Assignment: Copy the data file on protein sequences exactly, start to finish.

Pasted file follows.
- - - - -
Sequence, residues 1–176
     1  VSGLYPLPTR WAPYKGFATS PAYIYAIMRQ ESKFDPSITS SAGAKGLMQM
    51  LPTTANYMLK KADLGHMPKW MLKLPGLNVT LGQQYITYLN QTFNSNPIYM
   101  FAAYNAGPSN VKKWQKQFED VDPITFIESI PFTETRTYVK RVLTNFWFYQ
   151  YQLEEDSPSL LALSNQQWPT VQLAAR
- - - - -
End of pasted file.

Sequence, residues 1–176
     1  VSGLYPLPTR WAPYKGFATS PAYIYAIMRQ ESKFDPSITS SAGAKGLMQM
    51  LPTTANYMLK KADLGHMPKW MLKLPGLNVT LGQQYITYLN QTFNSNPIYM
   101  FAAYNAGPSN VKKWQKQFED VDPITFIESI PFTETRTYVK RVLTNFWFYQ
   151  YQLEEDSPSL LALSNQQWPT VQLAAR